www.automobileglobe.comCar engines are configured  that the oil from the engine should never have access to either the coolant or the water.

This is strictly because oil is meant to lubricate all moving components in the engine, the coolant is meant to cool the engine which normally produces heat at high temperatures when it is operating. A vehicle engine is designed in such a way that it has a top cover which is meant to cover the whole engine.

The cylinder head, which is equally part of the cooling system, sits on the engine block, the structure that accommodates the cylinders or combustion chambers. The cylinder head equally forms the ceiling of the combustion chambers. Between the cylinder head and engine block is the cylinder head gasket which will be the target of our discussion.

The cylinder head gasket seals both the cylinder head which contains the engine valves at the topmost components of the engine and the engine block which also houses the pistons and crank shafts at the lower part.

The engine block has two different channel networks bored into it, one channeling the engine oil to where it is needed and the other one doing the same for the coolant/water in the cooling system of the engine.

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During the early development of the internal combustion engine, a thin sheet known as the cylinder head gasket was introduced into it. Its purpose was to seal the cylinders to ensure maximum compression and avoid leakage of coolant or engine oil into the cylinders; as such, it is the most critical sealing application in any engine and, as part of the combustion chamber, it shares the same strength requirements as other combustion chamber components.

Whenever oil is found in the engine coolant on inspecting the radiator top-up tank, one will notice that the coolant has formed into a milky colour. It is quite a bad occurrence when the two mix and often means that the gasket has failed to function as needed, creating an internal leakage which could easily damage the engine.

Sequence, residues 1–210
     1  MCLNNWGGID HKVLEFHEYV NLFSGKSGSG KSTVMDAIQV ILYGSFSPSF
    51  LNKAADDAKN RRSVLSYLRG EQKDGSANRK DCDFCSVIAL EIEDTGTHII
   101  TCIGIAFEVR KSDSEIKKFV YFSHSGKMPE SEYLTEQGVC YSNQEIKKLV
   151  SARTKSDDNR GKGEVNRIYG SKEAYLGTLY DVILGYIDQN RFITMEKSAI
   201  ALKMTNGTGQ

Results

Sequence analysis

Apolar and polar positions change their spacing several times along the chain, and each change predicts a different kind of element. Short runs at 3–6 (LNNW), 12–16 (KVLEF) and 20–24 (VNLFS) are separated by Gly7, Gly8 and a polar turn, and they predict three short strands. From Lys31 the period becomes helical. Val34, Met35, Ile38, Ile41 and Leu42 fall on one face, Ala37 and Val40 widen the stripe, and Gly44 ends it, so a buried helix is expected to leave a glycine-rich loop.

Some of the reasons why engine oil mixes with the coolant include:

  • A broken/damaged head gasket. Remember this stays between the block and cylinder head. In case it gets damaged, it will allow oil and coolant to eventually mix.
  • A cracked cylinder head due to overheating or an accident. If this is not replaced, it sometimes leads to the mix of oil and coolant. This happens because a cracked head will misdirect the coolant and in the long run it will mix with the oil.
  • A damaged engine block since this is the lower part of the engine which houses most of the moving parts that use the oil and if this gets damaged, would lead to the mixing of the fluids.
  • Extreme engine overheating, most especially in diesel engines. When engines overheat, they tend to burn and spoils the gasket which in the long run loses its functionality.
  • When a vehicle througoesh water that rises to top-of-the-engine level. Sometimes, this water will enter the engine, either through the top cover, or any other open part of the engine. It could also enter through the exhaust pipe, especially whenever one revs the engine while driving through the water.

Bear in mind that whenever there is an oil/coolant mixture, you have to immediately contact a knowledgeable mechanic. If the fault is much, your car may need an engine overhaul, but if it is minor, then the engine is just flushed and the oil and filter replaced to fix the problem.